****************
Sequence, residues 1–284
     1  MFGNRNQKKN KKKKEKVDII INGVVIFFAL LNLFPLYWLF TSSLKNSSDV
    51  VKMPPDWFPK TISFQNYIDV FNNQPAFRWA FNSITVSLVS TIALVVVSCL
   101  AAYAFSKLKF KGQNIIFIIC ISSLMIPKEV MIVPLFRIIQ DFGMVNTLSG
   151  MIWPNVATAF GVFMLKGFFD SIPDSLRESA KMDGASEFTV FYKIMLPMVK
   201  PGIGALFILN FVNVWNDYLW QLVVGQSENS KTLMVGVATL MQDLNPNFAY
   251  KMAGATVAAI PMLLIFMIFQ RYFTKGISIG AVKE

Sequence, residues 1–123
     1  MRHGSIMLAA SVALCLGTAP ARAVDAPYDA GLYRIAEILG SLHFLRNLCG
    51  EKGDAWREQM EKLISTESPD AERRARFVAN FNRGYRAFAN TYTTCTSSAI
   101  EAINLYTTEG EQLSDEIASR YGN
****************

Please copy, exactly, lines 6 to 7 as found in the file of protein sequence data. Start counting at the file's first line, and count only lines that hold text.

   201  PGIGALFILN FVNVWNDYLW QLVVGQSENS KTLMVGVATL MQDLNPNFAY
   251  KMAGATVAAI PMLLIFMIFQ RYFTKGISIG AVKE